Michael Thompson, Carmen as Zurbarán´s Santa Isabel, 2000.
MADRID - Opening on 30 June, the Museo Thyssen-Bornemisza is presenting the exhibition on photography Vogue like a painting. It features around seventy images inspired by paintings, selected from the archives of the magazine Vogue and taken by some of the leading names in photography of the past three decades.
Tim Walker, The dress lamp tree, 2004.
The photographs in the exhibition have been selected on the basis of their essentially pictorial qualities. Some make use of sculptural relief, while in others the light acquires a painterly quality. There are examples of photographs inspired by the Renaissance and Rococo, while perhaps the finest look to the Pre-Raphaelites. Many of the selected photographs bring to mind specific paintings and artists including Vermeer, Hopper, Millais, Balthus, Van Eyck, Botticelli, Zurbarán, Degas, Sargent, Dalí, Hogarth, Rossetti and Magritte.
Grant Cornett, Untitled, 2014.
Some photographs imitate specific genres, for example British 18th-century group portraits, which are symbolically narrative, or women en deshabillé. Others illustrate the exhibition’s principal theme in a literal manner through the presence of models whose bodies are painted or by reproducing pictorial textures, as with Nick Knight’s hand-produced prints. There are also direct references to iconic works in the history of art such as Erwin Blumenfeld’s Girl with the pearl Earring, which is a version of Vermeer’s celebrated painting of that title, Grant Cornett’s still lifes and Pieter Lindbergh’s shots, the latter inspired by paintings by Ernst Ludwig Kirchner and Paul Gauguin. As the curator of the exhibition Debra Smith notes, the guiding thread is a type of slowing down: “an a-temporality in the pose of the models: a kind of mental time lapse in which everything is very, very still.”
Peter Lindbergh, One Enchanted Evening, 2012.
The exhibition is structured around the principal pictorial genres, including portraiture, landscapes and interiors, with the result that the influence of painting on photography becomes particularly clear.
Visitors will be seduced by Irving Penn, master of pure lines and of the exquisite; Annie Leibovitz, an icon herself and the official portraitist of icons; Peter Lindbergh, a veteran of dramatic images in black and white; Paolo Roversi, portraitist of purity; Mario Testino, the master of light; Tim Walker’s theatricality and compelling power of Mert Alas and Marcus Piggott; Patrick Demarchelier, a classic figure and one always in demand; Steven Klein with his cinematographic vision of fashion photography; Sheila Metzner’s colours and spontaneity; Nick Knight with his all-powerful images; the startling magic of David Sims and Deborah Turbeville, a woman who has captured other women’s souls; the intriguing spirit of Camilla Akrans; the magnetism of Glen Luchtford; Michael Thompson, photographer of the soul; Erwin Olaf and his contemporary gaze; Erwin Blumenfeld, a visionary and creator of Vogue’s most iconic front covers; Mariano Vivanco with his warmth and energy; William Klein, photographer of the emotions; Yelena Yemchuk with her delicate, modern vision; Cecil Beaton’s perfect technique; Edward Steichen and his perfect balance of mystery and beauty; the delicacy of Clifford Coffin; the ground-breaking vision of Horst P. Horst; and David Seidner with his simultaneously traditional and modern spirit.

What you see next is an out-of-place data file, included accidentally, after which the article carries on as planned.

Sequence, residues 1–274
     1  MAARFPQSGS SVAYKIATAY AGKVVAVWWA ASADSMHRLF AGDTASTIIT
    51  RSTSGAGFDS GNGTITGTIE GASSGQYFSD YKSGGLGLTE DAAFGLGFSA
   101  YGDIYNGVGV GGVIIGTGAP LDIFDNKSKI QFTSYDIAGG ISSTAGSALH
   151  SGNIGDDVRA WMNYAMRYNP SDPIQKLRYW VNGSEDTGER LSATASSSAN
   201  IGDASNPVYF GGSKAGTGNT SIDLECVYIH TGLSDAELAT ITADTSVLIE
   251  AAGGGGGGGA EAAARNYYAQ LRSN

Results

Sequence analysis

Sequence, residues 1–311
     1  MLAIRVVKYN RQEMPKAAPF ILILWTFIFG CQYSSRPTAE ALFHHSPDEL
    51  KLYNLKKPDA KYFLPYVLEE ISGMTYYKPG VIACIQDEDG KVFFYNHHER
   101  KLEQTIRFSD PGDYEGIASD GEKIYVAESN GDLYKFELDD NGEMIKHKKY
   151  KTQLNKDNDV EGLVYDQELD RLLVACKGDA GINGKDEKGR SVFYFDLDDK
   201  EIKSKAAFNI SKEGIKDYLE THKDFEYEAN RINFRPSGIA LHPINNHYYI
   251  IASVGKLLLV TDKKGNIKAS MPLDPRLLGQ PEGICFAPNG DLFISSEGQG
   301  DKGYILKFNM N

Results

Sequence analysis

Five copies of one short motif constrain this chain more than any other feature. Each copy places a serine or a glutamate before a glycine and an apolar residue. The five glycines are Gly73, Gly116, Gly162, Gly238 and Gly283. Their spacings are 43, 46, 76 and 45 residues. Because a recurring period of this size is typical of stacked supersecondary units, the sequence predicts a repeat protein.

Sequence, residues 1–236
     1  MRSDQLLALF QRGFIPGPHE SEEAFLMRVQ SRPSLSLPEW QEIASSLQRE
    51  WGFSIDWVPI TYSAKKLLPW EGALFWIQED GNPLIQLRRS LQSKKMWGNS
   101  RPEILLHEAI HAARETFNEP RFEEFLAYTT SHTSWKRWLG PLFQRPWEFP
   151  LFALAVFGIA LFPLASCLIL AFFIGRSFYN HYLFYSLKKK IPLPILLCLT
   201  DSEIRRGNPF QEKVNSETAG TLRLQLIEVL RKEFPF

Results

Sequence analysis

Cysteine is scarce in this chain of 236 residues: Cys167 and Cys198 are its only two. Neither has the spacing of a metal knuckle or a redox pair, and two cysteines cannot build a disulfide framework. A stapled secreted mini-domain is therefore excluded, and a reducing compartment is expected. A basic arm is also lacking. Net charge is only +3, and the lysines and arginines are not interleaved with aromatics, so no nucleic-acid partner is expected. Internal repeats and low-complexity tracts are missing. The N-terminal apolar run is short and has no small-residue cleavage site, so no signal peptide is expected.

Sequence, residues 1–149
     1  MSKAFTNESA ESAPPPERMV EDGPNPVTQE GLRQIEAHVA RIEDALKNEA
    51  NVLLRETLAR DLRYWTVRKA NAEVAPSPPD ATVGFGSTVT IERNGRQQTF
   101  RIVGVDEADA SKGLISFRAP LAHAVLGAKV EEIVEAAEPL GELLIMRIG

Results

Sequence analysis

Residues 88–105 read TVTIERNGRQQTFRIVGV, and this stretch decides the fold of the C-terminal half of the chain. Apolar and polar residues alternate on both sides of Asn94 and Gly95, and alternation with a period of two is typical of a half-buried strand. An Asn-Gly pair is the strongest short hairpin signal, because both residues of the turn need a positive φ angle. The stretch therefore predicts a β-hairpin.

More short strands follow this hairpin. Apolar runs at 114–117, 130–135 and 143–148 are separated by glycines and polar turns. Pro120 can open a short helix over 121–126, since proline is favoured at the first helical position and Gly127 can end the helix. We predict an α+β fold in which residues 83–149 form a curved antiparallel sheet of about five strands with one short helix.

Clifford Coffin, Untitled, 1954.
Yolanda Sacristán, editor-in-chief of Spanish Vogue, explains that: “Vogue was the forerunner of fashion photography when, in the 1920s, it began to replace illustrated front covers with photographic images by artists as revolutionary as Edward Steichen, who had been experimenting with fashion photography since 1911. It was he, together with other great Vogue photographers – principally Cecil Beaton, Horst P. Horst and Irving Penn – who transformed the genre into an exceptional art form, paving the way for modern photography.”
Camilla Akrans, A single woman, 2010.
The exhibition is benefiting from the sponsorship and support of the prestigious jewellers Bulgari, again reflecting the close connection and passion for art and culture that has characterised this firm over the course of its 130 years of existence. Founded in Rome in 1884, Bulgari is a symbol of Italian excellence. Masters in the use of coloured gems, the firm of Bulgari is characterised by its stylistic daring, sensual volumes, love of line and Greco-Roman inspiration. All the firm’s creations, be they jewels, watches, accessories or perfumes, embody timeless and contemporary Italian luxury.
Madrid, Museo Thyssen-Bornemisza, 30 June to 12 October 2015
Paolo Roversi, Stella, Paris, 1999.
Clifford Coffin, Untitled, 1949.
Sheila Metzner, Uma Potou, 1986.